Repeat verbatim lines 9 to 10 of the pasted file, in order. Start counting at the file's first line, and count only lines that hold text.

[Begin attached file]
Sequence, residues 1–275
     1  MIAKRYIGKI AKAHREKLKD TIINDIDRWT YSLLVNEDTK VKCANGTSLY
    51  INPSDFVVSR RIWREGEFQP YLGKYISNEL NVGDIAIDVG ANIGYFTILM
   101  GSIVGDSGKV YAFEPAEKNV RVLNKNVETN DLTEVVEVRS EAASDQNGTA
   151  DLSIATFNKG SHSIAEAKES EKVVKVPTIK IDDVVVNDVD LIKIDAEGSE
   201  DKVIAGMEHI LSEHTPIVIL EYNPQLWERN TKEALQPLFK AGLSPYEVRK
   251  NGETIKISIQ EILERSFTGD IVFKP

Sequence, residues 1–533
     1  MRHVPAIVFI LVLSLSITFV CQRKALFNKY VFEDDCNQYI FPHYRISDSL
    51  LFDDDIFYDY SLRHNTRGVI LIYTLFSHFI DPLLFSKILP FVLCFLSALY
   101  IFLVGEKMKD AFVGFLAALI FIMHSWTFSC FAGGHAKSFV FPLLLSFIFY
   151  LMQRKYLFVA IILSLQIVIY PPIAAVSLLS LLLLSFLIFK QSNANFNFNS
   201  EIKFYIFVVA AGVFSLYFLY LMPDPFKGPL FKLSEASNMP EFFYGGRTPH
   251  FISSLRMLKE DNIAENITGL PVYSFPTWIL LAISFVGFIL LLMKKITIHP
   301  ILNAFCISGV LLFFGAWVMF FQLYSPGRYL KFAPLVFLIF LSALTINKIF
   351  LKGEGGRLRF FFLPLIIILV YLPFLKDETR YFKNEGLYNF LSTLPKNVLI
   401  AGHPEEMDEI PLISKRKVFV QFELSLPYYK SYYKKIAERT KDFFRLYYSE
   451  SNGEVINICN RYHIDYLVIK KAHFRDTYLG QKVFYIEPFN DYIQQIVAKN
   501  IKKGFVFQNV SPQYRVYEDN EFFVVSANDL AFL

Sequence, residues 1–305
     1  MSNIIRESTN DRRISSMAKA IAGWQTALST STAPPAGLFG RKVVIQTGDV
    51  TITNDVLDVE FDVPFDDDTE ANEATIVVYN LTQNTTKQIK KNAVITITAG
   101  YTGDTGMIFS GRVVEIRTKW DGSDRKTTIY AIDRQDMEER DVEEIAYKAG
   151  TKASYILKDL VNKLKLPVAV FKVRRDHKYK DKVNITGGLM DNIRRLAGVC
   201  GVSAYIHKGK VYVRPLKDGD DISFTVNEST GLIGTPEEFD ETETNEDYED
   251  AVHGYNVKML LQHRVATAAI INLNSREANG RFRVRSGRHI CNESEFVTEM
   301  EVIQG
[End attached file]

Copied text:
     1  MRHVPAIVFI LVLSLSITFV CQRKALFNKY VFEDDCNQYI FPHYRISDSL
    51  LFDDDIFYDY SLRHNTRGVI LIYTLFSHFI DPLLFSKILP FVLCFLSALY